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Mahabharata of Krishna-Dwaipayana Vyasa
translated by Kisari Mohan Ganguli

Mahabharata of Vyasa (Badarayana, krishna-dwaipayana) translated by Kisari Mohan Ganguli is perhaps the most complete translation available in public domain. Mahabharata is the most popular scripture of Hindus and Mahabharata is considered as the fifth veda. We hope this translation is helping you.

Section CLXXXVIII

"Bhishma said, 'When I had formed this resolution, O king, a din of tumultuous voices arose in the sky. And it said,--O son of Kuru's race, do not let off the Praswapa weapon!--Notwithstanding this, I still aimed that weapon at Bhrigu's descendant. When I had aimed it, Narada addressed me, saying, 'Yonder, O Kauravya, stay the gods in the sky! Even they are forbidding thee today! Do not aim the Praswapa weapon! Rama is an ascetic possessed of Brahma merit, and he is, again, thy preceptor! Never, Kauravya, humiliate him.' While Narada was telling me this, I beheld those eight utterers of Brahma stationed in the sky. Smilingly, O king, they said unto me slowly,--O chief of the Bharatas, do even what Narada sayeth. Even that, O best of Bharata's race, is highly beneficial to the world!' I then withdrew that great weapon called Praswapa and invoked according to the ordinance the weapon called Brahma in the combat. Beholding the Praswapa weapon withdrawn, O lion among kings, Rama was in great huff, and suddenly exclaimed, 'Wretch that I am, I am vanquished, O Bhishma!' Then Jamadagni's son behold before him his venerable father and his father's fathers. They stood surrounding him there, and addressed him in these words of consolation, 'O sire, never display such 'rashness again, the rashness, viz., of engaging in battle with Bhishma, or especially with any Kshatriya, O descendant of Bhrigu's race, to fight is the duty of a

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[paragraph continues] Kshatriya! Study (of the Vedas) and practice of vows are the highest wealth of Brahmanas! For some reason, before 'this, thou hadst been ordered by us to take up weapons. Thou hadst then perpetrated that terrible and unbecoming feat. Let this battle with Bhishma be thy very last, for enough of it thou hadst already. O thou of mighty arms, leave the combat. Blessed be thou, let this be the very last instance of thy taking up the bow! O invincible one, throw thy bow aside, and practice ascetic austerities, O thou of Bhrigu's race! Behold, Bhishma, the son of Santanu, is forbidden by all the gods! They are endeavouring to pacify him, repeatedly saying,--Desist from this battle! Do not light with Rama who is thy preceptor. It is not proper for thee, O perpetuator of Kuru's race, to vanquish Rama in battle! O son of Ganga, show this Brahmana every honour on the field of battle! As regards thee, we are thy superiors and therefore forbid thee! Bhishma is one of the foremost of Vasus! O son, it is fortunate, that thou art still alive! Santanu's son by Ganga--a celebrated Vasu as he is,--how can he be defeated by thee? Desist, therefore, O Bhargava! That foremost of the Pandavas, Arjuna, the mighty son of Indra, hath been ordained by the Self-create to be the slayer of Bhishma!'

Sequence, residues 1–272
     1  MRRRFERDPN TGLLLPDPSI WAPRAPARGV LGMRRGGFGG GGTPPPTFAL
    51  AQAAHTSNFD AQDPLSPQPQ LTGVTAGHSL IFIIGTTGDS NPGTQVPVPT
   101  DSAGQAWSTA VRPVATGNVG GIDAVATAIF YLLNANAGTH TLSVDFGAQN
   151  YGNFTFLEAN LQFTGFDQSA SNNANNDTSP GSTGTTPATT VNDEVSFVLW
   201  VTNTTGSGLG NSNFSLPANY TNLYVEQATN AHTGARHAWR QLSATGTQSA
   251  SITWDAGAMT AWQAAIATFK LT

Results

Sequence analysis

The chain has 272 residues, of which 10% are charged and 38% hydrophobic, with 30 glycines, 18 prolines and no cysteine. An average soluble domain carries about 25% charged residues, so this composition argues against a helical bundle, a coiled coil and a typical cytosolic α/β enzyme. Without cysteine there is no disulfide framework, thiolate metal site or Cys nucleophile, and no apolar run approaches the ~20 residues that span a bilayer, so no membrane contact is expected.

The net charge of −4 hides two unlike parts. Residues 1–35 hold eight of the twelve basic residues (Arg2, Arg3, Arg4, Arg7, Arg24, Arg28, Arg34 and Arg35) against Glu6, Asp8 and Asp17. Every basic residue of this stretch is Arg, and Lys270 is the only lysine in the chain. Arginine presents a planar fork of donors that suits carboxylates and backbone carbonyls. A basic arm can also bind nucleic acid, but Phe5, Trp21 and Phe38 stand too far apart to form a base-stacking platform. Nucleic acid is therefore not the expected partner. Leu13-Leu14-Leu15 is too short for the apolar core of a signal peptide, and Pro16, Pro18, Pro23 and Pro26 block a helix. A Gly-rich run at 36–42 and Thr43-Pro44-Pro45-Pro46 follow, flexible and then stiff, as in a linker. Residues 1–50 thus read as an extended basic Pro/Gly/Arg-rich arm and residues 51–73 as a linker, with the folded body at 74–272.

"Bhishma continued, 'Thus addressed by his own ancestors, Rama answered them, saying, 'I cannot give up the combat. Even this is the solemn vow I have made. Before this, I never left the field, giving up battle! Ye grandsires, if you please, cause Ganga's son to desist from the fight! As regards myself, I can, by no means, desist from the combat!' Hearing these words of his, O king, those ascetics with Richika at their head, coming to me with Narada in their company, told me, 'O sire, desist from battle! Honour that foremost of Brahmanas!' For the sake of Kshatriya morality, I replied unto them, saying. Even this is the vow I have taken in this world, viz., that I would never desist from battle turning my back, or suffer my back to be wounded with arrows! I cannot, from temptation or distress, or fear, or for the sake of wealth, abandon my eternal duty! Even this is my fixed resolution! Then all those ascetics with Narada at their head, O king, and my mother Bhagirathi, occupied the field of battle (before me). I, however, stayed quietly with arrows and bow as before, resolved to fight. They then once more turned towards Rama and addressed him, saying. 'The hearts of Brahmanas are made of butter. Be pacified, therefore, O son of Bhrigu's race! O Rama, O Rama, desist from this battle, O best of Brahmanas! Bhishma is incapable of being slain by thee, as indeed, thou, O Bhargava, art incapable of being slain by him!' Saying these words while they stood obstructing the field, the Pitris caused that descendant of Bhrigu's race to place aside his weapons. Just at this time I once more beheld those eight utterers of Brahma, blazing with effulgence and resembling bright stars risen on the firmament. Stationed for battle as I was, they said these words unto me with great affection, 'O thou of mighty arms, go unto Rama who is thy preceptor! Do what

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is beneficial to all the worlds. Beholding then that Rama had desisted owing to the words of his well-wishers, I also, for the good of the worlds, accepted the words of my well-wishers. Though mangled exceedingly, I still approached Rama and worshipped him. The great ascetic Rama then, smilingly, and with great affection, said unto me, 'There is no Kshatriya equal to thee on the earth! Go now, O Bhishma, for in this combat thou hast pleased me highly'! Summoning then in my presence that maiden (the daughter of Kasi), Bhargava sorrowfully said unto her these words in the midst of all those high-souled persons.'"





 
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